CIRS Blog about Rural California
Dewey Welker has lots of dreadful memories.
With great clarity, down to the way his father turned up his shirt sleeves that day and the deep gray of his father’s jeans, he can describe every moment of being abandoned outside a liquor store at age 4.
He remembers stealing his first pair of shoes at age 7 and, a little later, beating up another boy to rob him of his scooter.
Marijuana came at 9, cigarettes at 12. His best friend introduced him to methamphetamine at 15.
That boy would later shoot himself.
“All five children get lunch at school,” mother Maria Chavez said through a Spanish interpreter. School lunches help the Chavez’, whose names have been changed, make ends meet.
Arturo Chavez, 7, is my clinic patient in South Los Angeles. He has developmental issues, notably a speech delay. But with help from medication and therapy, he is catching up to his first-grade peers. He is an engaging little boy who loves to tell stories, even with his speech difficulties.
Arturo has four siblings, ages 4 to 17, and all are in school. Maria Chavez, their mother, is unable to work, in part because of Arturo’s frequent appointments. The children’s father’s monthly income as a restaurant cook is less than $4,000.
“At the end of the month, it’s difficult,” Maria Chavez said. “So we go to food banks or our church for food.”
New state rules about the application of pesticides on farms near rural schools and daycare facilities take effect Jan 1., following years of campaigning by groups advocating for teachers, the environment and public health. Yet these advocates argue that the rules still don’t do enough to protect school children and school staff from potentially dangerous chemicals.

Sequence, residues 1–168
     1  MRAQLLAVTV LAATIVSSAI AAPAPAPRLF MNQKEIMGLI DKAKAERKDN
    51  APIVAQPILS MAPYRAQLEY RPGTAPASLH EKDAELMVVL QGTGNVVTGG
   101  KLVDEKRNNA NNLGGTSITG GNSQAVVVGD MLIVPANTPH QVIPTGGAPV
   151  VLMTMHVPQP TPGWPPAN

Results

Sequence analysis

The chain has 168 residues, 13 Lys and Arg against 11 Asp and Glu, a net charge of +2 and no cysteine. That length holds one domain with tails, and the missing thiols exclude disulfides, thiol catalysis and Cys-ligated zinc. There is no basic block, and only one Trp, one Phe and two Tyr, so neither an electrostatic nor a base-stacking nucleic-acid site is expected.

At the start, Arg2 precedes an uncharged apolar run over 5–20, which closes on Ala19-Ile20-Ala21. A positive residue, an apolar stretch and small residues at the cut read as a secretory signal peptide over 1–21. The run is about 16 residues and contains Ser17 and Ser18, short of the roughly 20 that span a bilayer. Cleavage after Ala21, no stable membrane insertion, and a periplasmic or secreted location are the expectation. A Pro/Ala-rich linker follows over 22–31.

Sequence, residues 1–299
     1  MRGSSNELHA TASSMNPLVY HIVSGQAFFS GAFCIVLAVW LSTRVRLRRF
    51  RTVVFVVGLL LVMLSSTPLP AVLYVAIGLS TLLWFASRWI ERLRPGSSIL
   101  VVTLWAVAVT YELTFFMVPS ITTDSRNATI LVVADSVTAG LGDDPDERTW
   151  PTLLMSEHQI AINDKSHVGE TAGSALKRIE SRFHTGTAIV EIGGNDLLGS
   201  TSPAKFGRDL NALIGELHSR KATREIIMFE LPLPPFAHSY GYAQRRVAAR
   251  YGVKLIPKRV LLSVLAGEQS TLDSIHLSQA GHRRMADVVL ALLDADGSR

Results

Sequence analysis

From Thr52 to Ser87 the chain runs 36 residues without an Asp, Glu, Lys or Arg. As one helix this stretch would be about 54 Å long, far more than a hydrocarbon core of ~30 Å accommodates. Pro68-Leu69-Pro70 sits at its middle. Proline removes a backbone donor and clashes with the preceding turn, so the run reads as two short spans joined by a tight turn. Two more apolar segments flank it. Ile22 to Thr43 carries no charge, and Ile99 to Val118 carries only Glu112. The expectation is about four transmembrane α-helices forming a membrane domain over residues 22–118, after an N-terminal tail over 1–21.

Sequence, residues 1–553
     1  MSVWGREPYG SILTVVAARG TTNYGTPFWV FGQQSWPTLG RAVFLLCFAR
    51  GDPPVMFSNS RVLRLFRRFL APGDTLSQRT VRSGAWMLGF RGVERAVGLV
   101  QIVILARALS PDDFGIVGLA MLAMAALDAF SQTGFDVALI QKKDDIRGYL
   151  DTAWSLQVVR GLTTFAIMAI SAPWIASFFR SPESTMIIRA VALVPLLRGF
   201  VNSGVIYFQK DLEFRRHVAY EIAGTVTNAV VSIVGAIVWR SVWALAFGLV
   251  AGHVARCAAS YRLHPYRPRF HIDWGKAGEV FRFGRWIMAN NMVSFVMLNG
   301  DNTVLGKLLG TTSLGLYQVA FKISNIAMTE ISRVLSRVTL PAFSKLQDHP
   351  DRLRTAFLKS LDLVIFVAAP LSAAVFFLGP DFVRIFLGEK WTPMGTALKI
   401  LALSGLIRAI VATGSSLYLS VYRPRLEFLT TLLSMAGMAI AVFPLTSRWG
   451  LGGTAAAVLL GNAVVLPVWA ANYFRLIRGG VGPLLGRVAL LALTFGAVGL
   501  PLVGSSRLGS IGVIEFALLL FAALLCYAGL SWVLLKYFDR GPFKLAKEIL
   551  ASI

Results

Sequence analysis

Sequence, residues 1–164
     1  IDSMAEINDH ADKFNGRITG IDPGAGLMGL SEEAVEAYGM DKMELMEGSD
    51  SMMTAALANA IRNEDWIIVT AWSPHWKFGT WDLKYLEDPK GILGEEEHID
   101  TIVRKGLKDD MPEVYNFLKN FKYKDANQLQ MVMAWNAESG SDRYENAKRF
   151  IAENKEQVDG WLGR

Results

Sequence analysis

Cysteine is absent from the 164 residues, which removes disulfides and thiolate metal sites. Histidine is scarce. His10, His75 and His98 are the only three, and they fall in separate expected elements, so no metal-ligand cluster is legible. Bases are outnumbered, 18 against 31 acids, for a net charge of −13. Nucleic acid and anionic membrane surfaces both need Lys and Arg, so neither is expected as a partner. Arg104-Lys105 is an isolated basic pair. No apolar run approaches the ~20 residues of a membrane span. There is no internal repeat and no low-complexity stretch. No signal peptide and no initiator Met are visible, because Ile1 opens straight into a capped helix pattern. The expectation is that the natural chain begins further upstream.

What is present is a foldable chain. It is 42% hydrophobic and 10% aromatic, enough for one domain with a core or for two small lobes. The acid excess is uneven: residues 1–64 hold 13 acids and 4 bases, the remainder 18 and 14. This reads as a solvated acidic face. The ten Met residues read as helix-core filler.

The new rules adopted by the California Department of Pesticide Regulation (DPR) prohibit spraying pesticides within a quarter mile of schools and daycare facilities on weekdays between 6 a.m. and 6 p.m.
Advocates argue that the buffer zone of a quarter of a mile doesn’t do enough to protect the estimated 5,500 students, teachers and daycare workers who spend their weekdays at the farm-side facilities.
“At the end of the day is this where we want to be? No. We wanted the buffer at one mile. But, are these new regulations better and more consistent than before? Yes, they are,” said Paul Weller, a spokesman for Pesticide Reform.
DPR’s long-awaited rules apply to fumigation, aerial, ground air-blast, sprinkler and dust application of pesticides on fields. These application methods may cause pesticide drift, when potentially harmful chemical become airborne and drift from farms into the surrounding communities.
The Strategic Growth Council recently approved nearly $34 million in new grants for the Sustainable Agricultural Lands Conservation Program (SALCP).
SALCP is one a suite of Climate Smart Agriculture programs developed in California to meet the state’s greenhouse gas emissions reduction goals. The state program aims to reduce greenhouse gas emissions associated with urban sprawl and rural ranchette development by protecting at risk agricultural lands. SALCP is part of a larger effort to promote in-fill, transit-oriented development by the Brown administration.
The Council funded 25 agricultural conservation easement projects and 2 Strategy and Outcome grants for local governments to improve farmland conservation planning and policy development. The latest round of funding brings the total number of awarded conservation easement projects to 52 and 8 local government farmland conservation projects since the program began in 2014. The Council has invested nearly $76 million since the inception of SALCP.
A high school senior with farmworker roots may have found a way to keep workers safe when the weather is scorching hot.
Faith Florez, 17, has created an app that alerts workers when temperatures reach 95 degrees. It also gives tips for keeping cool and serves as a direct link to first responders in case of emergency.